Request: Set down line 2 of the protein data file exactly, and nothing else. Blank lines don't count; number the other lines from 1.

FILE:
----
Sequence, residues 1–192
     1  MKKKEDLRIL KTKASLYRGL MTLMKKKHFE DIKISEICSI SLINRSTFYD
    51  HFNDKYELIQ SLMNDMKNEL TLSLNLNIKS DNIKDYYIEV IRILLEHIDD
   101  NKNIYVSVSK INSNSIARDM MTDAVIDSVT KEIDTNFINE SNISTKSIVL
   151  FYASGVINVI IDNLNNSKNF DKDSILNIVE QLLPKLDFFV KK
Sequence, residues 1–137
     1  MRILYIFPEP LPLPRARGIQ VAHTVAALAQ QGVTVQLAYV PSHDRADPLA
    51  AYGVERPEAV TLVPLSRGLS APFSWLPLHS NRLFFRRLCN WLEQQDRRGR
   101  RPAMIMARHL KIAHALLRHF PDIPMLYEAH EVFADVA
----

     1  MKKKEDLRIL KTKASLYRGL MTLMKKKHFE DIKISEICSI SLINRSTFYD